UK Government’s weak version of ban on animal tests


News report below from Animal Aid, 12 March 2015:

Campaigners have criticised the UK Government for introducing a weakened version of its promised ban on animal testing for household products. The ‘ban’, which is set to come into force in October, will make it illegal to test finished household products on animals, but exceptions could be made for the testing of ingredients. In practice, it is the ingredients and not the finished products that are usually tested on animals. The government’s announcement also contains details of products to which the restrictions don’t apply, including those intended for use in an institutional setting, such as schools and hospitals.

The government’s pledge to ban household product testing on animals was included in the 2010 coalition agreement. In an answer to a parliamentary question in March 2011, the relevant minister made it clear that the ban would apply to ingredients as well as finished products. Animal Aid, together with other animal protection groups, has spent several years lobbying for the full ban to be implemented as promised and had been assured of a positive outcome. It is only very recently that the intention to implement a weakened version of the ban has come to light.

Says Animal Aid Director Andrew Tyler:

‘We are deeply disappointed that the coalition government has broken yet another promise to strengthen protection for animals in UK labs. By proposing a weak and toothless version of its promised ban, it continues to sanction the infliction of appalling suffering on animals for the sake of trivial products such as washing up liquids and floor cleaners. We will continue to push for a full ban on this cruel and scientifically unreliable practice.’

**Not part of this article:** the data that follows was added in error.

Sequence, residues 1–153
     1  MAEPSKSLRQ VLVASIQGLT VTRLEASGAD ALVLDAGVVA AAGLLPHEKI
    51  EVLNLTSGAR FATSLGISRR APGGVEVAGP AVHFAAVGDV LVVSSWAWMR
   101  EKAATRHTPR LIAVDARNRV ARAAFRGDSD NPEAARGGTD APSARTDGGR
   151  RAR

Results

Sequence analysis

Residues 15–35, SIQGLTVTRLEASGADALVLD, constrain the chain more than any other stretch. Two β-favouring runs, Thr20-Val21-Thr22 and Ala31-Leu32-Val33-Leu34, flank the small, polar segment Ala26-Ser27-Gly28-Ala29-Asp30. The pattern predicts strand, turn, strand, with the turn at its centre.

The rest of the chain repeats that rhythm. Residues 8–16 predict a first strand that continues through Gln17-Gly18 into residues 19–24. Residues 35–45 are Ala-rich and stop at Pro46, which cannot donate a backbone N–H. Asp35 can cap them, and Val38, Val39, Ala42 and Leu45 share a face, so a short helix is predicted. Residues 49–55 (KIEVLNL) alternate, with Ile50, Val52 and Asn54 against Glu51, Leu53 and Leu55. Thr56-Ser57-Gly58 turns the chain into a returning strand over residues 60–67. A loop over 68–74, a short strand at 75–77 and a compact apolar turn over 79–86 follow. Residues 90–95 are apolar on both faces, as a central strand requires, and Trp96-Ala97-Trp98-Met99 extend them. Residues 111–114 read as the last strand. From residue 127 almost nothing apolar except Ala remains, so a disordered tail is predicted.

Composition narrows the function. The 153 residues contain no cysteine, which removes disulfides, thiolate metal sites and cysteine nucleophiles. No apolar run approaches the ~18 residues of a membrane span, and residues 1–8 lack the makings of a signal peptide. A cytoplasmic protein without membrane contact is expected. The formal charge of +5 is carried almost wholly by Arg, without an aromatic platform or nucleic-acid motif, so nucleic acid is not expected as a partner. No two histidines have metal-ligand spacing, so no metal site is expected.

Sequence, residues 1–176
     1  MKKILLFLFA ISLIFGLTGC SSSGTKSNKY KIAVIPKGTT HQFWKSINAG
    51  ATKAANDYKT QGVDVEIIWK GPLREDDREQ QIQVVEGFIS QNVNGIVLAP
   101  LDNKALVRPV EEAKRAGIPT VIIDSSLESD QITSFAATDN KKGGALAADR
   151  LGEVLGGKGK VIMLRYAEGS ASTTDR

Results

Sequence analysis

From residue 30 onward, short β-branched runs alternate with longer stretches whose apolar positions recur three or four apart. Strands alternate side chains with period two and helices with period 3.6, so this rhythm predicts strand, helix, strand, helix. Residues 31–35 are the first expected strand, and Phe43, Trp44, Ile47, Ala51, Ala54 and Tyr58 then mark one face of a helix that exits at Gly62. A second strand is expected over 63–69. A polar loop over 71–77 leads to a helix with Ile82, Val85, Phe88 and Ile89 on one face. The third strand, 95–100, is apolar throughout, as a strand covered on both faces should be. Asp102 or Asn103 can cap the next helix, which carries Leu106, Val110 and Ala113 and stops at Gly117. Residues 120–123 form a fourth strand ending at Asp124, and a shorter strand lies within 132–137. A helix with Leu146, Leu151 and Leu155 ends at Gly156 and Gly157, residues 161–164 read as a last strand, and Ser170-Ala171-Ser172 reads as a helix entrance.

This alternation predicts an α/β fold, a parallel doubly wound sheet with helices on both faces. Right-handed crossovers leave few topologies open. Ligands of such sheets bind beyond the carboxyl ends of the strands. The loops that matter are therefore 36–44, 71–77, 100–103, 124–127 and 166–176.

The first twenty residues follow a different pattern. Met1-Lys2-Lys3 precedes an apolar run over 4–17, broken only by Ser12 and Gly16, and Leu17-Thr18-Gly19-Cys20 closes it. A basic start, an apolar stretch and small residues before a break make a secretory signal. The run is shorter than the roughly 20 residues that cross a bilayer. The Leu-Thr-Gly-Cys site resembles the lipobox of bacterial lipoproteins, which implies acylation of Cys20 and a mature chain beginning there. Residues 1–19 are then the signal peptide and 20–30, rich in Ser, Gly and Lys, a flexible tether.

Animal tests for household products involve a disturbing level of suffering, resulting from force-feeding through tubes from throat to stomach, dripping substances into animals’ eyes, or rubbing them onto shaved patches of skin. Fundamental differences between species mean that such tests are an unreliable means of predicting how humans will react to potentially harmful substances. Bleach, for example, causes only mild irritation to rabbits’ skin, but severe irritation to human skin.

The failure to introduce a full ban on animal testing for household products represents the government’s second broken vivisection-related promise. It also pledged to reduce the number of animals used in experiments, but the total has continued to rise during the five years the coalition has been in power, and is now at its highest level since the current recording system began.